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A recent Gallup report titled, How Millennials Want to Work and Live revealed some interesting findings on millennials and their habits. For example, millennials were found to be the least engaged generation, with only 29% saying they are “emotionally and behaviorally connected to their job and company.” While these numbers aren’t far off from other generations (Gen Xers reported 32% engagement, Baby Boomers reported 33%), what millennials are willing to do about it differs greatly. Gallup’s report highlighted that:

  • 21% of millennials changed jobs within the last year (three times the number of non-millennials)
  • 50% of millennials strongly agree that they plan to be working at the same company a year from now (60% of non-millennials said the same)
  • 60% of millennials are open to a different job opportunity (15 percentage points higher than non-millennials)
  • 36% of millennials plan on looking for a new job outside of their current organization within the next 12 months in the job market improves (only 21% of non-millennials said the same)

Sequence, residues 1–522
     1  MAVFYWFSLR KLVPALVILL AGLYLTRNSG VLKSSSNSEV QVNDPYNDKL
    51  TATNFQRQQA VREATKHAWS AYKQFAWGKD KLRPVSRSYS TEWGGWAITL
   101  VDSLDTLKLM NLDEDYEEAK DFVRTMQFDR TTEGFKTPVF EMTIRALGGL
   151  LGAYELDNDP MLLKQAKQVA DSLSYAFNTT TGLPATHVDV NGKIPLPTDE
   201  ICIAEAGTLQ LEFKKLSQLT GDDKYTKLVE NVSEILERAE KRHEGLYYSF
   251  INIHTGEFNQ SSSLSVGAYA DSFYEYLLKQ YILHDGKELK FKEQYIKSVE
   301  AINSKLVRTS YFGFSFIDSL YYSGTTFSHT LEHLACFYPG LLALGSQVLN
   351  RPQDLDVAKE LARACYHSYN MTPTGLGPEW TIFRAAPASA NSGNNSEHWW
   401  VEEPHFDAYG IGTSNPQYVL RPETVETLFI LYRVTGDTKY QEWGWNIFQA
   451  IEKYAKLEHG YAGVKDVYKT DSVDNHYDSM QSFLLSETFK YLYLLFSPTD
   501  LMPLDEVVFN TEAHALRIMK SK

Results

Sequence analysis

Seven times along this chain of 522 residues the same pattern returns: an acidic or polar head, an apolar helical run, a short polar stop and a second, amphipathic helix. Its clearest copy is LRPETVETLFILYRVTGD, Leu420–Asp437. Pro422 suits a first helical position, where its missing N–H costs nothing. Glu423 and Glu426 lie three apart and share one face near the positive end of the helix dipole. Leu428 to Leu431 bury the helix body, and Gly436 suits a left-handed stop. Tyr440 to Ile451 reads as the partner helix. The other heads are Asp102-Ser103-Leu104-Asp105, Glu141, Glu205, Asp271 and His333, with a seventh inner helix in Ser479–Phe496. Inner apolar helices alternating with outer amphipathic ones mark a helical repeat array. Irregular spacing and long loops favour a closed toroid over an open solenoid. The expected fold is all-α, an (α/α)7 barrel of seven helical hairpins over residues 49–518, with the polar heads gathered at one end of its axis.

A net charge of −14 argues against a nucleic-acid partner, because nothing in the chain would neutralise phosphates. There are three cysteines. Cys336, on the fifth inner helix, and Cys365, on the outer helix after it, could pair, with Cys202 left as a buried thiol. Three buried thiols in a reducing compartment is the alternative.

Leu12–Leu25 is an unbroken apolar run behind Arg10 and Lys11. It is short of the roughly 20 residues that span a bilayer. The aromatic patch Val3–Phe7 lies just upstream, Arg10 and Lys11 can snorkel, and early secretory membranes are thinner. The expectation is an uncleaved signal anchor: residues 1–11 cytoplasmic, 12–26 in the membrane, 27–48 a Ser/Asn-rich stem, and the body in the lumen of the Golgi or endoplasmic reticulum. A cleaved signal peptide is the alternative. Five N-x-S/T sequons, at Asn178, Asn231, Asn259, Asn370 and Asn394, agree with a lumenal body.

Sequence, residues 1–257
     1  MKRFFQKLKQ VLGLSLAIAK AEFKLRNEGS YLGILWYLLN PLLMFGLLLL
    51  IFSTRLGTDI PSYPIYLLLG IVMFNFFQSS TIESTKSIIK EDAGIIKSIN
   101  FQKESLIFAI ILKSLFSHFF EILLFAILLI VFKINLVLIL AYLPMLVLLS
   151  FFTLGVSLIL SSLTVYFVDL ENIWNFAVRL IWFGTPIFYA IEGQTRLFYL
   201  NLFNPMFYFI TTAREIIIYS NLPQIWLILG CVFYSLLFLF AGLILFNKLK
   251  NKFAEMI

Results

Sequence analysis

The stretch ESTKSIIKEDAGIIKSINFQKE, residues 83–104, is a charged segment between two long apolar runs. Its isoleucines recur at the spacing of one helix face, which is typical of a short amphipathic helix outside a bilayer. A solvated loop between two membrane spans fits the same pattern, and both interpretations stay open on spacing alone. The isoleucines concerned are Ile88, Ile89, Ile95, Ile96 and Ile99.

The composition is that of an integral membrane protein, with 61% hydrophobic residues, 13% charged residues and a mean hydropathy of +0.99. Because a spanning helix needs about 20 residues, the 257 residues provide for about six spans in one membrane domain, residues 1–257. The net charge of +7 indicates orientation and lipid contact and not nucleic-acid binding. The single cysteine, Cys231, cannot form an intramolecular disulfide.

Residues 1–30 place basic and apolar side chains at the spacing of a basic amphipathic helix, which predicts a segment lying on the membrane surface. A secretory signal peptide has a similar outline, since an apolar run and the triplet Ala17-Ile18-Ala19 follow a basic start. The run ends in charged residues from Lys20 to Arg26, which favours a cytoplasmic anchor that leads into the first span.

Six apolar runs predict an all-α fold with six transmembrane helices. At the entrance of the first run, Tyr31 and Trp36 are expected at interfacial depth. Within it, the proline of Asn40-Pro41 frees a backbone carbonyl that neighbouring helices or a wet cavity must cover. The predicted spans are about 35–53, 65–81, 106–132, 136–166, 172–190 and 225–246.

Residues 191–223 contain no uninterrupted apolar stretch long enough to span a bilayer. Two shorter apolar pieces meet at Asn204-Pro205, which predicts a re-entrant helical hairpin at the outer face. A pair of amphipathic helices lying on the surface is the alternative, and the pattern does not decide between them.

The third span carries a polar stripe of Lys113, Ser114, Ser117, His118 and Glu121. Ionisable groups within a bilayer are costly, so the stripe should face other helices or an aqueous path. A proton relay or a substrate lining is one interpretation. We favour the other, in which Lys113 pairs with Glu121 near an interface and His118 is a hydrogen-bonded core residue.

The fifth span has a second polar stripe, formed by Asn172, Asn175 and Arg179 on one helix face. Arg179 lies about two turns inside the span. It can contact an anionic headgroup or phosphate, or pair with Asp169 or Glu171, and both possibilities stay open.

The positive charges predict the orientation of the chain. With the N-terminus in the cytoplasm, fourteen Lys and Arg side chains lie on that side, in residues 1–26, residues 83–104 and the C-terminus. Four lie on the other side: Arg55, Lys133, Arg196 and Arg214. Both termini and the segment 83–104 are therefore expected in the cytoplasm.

So, what does this all mean? Inc. took this information and provided the following tips for employers, millennials and employees alike:

TIPS FOR EMPLOYERS

Millennial workers are not satisfied with their current work situation. Many companies spend an enormous amount of money and manpower on attracting new, high quality talent, but then drop the ball when it comes to keeping that talent around. Here’s what millennials want you to provide them:

  • Consistent, high-quality communication
  • Sincere praise when appropriate
  • Flexibility
  • Transparency
  • New challenges
  • Freedom
  • Opportunities to grow
TIPS FOR MILLENNIALS

You have a great opportunity to stand out among your peers. Because most millennials are disengaged and indifferent, deciding to renew your interest in your work could lead to great opportunities. For example, if your manager has noticed how unmotivated your team is, come up with a way to help get your team motivated again. Not only will this give you leverage when asking for a raise or benefits, it may also lead to the fulfillment of a few of the desires we touched on above.

If there are things you’d like to change about your job, don’t just live with it. Brainstorm a solution that would make you happier, and won’t require your company to move mountains to implement. Chances are your manager will be impressed with your initiative and let you try it out.